The roots of change management have been traced back to the beginning of the last century when anthropologist Arnold Van Gennep began documenting rites of passage all over the world. He identified three core stages – separating from the present; going through change; and establishing a future state.  Social scientists influenced much of the early thinking around change management, with the well-known comparisons between people experience grief and those facing change at work first proposed in the 1960s.

In the late eighties and throughout the nineties change management became more recognised as a business discipline. It gained new champions, methodologies, structures and a whole stack of clichés and jargon.

And increasingly the people side of change, such as behaviours, culture, leadership and motivation, was seen as the preserve of HR – who were often ill-prepared for the responsibility. This would leave executives to focus on results, strategy, objectives, metrics.

More than a decade ago a classic Harvard Business Review article, The Hard Side of Change Management, looked at whether change management had become too focused on its softer aspects to the detriment of business results.  

The HBR article proposed a structure based on Duration, Integrity, Commitment and Effort (DICE) to judge success in the hard side of change project management.

Looking back at the approach that HBR’s article suggested, we consider whether these factors are still as relevant today and compare them to our own research into change management and its success factors.


The longer a project goes on, the more likely key stakeholders are to believe it’s going off track and likely to fail. Research conducted for the HBR article showed that actually this was not the case and that what is really important is frequent project reviews to track execution, identify gaps and spot new risks in order to ensure better outcomes. 

Our own research concluded that an agile approach, enabling a focus on project objectives to be delivered in short sprints, is the most effective approach. The risk is that a waterfall approach with a pre-determined project end-date will not give change a chance when so much knowledge can be gained through each agile/iterative cycle.


The HBR article goes on to discuss performance integrity, i.e. ensuring that the best quality project team is in place that can be relied on to execute successfully. 

We would again, concur. If the change is a priority then the organisation must ensure star performers are allowed to focus on it. And where a relevant skills gap is identified, sourcing external talent or expertise becomes a priority.  Failure to focus properly on this and to be honest about skills gaps in the organisation can reduce the likelihood of successful change from the outset.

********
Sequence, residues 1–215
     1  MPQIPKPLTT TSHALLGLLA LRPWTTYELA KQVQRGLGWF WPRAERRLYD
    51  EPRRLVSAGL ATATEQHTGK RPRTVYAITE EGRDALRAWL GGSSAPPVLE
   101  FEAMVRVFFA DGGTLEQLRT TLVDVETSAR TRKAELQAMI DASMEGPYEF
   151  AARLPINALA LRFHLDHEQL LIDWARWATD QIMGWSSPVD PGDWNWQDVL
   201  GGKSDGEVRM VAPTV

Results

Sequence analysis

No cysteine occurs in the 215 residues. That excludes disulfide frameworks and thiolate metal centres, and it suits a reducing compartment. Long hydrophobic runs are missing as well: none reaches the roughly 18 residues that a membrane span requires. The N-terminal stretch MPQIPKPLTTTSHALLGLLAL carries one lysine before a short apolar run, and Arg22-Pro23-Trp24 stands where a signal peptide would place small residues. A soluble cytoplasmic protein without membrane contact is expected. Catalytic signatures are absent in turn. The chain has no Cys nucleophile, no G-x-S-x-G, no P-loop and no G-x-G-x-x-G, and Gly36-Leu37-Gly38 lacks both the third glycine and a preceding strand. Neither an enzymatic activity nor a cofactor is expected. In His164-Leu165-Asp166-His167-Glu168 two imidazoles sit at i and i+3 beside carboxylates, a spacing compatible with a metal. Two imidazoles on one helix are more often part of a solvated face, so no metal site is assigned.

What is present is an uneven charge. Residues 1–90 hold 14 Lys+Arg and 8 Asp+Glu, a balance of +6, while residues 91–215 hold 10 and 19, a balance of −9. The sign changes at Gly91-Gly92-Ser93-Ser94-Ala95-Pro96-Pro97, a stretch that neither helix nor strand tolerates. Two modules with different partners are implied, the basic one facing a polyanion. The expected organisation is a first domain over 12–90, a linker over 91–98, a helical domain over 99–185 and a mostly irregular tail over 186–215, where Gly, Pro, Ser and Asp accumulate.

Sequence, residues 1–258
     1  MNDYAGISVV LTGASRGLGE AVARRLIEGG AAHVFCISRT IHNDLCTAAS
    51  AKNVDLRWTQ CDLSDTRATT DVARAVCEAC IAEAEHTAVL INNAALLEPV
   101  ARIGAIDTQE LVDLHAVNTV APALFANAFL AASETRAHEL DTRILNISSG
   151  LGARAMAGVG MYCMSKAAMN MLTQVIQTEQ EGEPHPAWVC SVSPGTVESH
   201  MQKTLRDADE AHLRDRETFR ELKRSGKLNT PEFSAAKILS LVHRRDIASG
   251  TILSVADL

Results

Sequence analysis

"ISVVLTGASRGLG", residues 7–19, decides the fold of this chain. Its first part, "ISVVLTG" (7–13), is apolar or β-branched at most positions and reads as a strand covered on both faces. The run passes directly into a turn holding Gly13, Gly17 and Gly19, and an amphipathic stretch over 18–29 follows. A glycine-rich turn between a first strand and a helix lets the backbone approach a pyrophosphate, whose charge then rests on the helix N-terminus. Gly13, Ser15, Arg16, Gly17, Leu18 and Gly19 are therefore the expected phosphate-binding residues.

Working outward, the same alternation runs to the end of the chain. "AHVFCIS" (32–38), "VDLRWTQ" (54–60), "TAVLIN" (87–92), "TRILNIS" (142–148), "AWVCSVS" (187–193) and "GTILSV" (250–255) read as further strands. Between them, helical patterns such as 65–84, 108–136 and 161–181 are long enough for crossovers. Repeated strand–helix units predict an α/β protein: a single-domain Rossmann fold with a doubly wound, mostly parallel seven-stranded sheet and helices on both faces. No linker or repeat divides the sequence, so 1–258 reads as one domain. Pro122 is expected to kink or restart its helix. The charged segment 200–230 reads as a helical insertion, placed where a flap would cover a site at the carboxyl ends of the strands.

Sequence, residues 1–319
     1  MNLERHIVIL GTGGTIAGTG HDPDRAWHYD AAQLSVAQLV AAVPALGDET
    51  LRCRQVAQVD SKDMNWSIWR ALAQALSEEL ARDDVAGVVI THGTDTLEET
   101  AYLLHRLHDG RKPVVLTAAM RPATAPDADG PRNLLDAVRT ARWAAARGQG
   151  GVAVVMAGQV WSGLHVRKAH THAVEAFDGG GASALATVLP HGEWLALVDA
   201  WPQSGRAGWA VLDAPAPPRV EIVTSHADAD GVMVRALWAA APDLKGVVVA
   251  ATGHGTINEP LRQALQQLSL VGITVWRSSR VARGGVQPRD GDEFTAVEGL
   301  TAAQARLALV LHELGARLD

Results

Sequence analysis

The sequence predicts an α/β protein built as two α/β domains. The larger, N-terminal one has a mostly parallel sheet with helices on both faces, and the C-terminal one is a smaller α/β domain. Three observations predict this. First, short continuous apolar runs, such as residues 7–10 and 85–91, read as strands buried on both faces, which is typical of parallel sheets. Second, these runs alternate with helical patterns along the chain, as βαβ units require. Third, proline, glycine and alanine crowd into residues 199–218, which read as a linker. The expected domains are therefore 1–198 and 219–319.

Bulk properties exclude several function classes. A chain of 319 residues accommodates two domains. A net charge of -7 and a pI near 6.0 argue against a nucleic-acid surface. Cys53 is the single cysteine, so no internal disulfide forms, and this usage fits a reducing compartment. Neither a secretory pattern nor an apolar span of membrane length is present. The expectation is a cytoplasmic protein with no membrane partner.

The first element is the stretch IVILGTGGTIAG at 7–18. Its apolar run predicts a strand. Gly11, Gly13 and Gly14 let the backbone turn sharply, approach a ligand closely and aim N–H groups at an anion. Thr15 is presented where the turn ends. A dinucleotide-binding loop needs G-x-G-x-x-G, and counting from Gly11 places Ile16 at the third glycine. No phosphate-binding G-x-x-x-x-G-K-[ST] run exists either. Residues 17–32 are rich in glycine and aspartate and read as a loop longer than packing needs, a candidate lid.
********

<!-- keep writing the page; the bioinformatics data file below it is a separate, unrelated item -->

Where leaders are clear, consistent and committed to their vision of change, they can expect similar levels of commitment from their staff.  The HBR article describes how senior management often underestimates its ability to gain support for initiatives through effective communication.  The ‘hard’ part of this communication is to make sure that it is clear ‘straight talk’ that does not water down difficult decisions or leave ambiguities.  Staff are likely to fill in gaps and notice inconsistency and therefore build up mistrust rather than support.

Our research found that commitment and communications skills are essential for leaders to build trust in their vision, rather than relying on positional power.  This doesn’t however mean that conversations are ‘soft’ when critical decisions need to be communicated.


The need to take the right people away from their day-to-day activities in order to properly focus on achieving the change never goes away. But delivering results in the short term cannot be put on hold if the brighter future is to be achieved.   We have always found organisations struggle to divide their time to properly evaluate the past and prepare / innovate for a better future when they are stuck feeling that all effort needs to be focused on the present.  Discipline is required to ensure that effort is distributed effectively and supplemented where necessary.  Change requires investment if you want it to succeed.

So it’s hard to disagree with the principles of DICE. Our own research into successful change management found there is no single improvement that can be made, or methodology followed, to ensure change success. We do, however, propose a practical checklist of ways in which you can keep your project on track, including:

  1. Agility – anticipate changes in the environment, keeping team membership fluid as the project demands.
  2. Engagement – analyse impact, measure and continuously improve.
  3. Focus – Define and measure success based on the outcome you want to achieve.
  4. Rigour – Make sure the transformation leadership team fully understands the strategy.
  5. Leadership – Be clear on how much change leadership you have in the firm and get the mix right.

These ideas are discussed in more detail in our research report – 
Business Transformation – Why do we keep on getting it wrong?

more about our change management work
Sian Dodd
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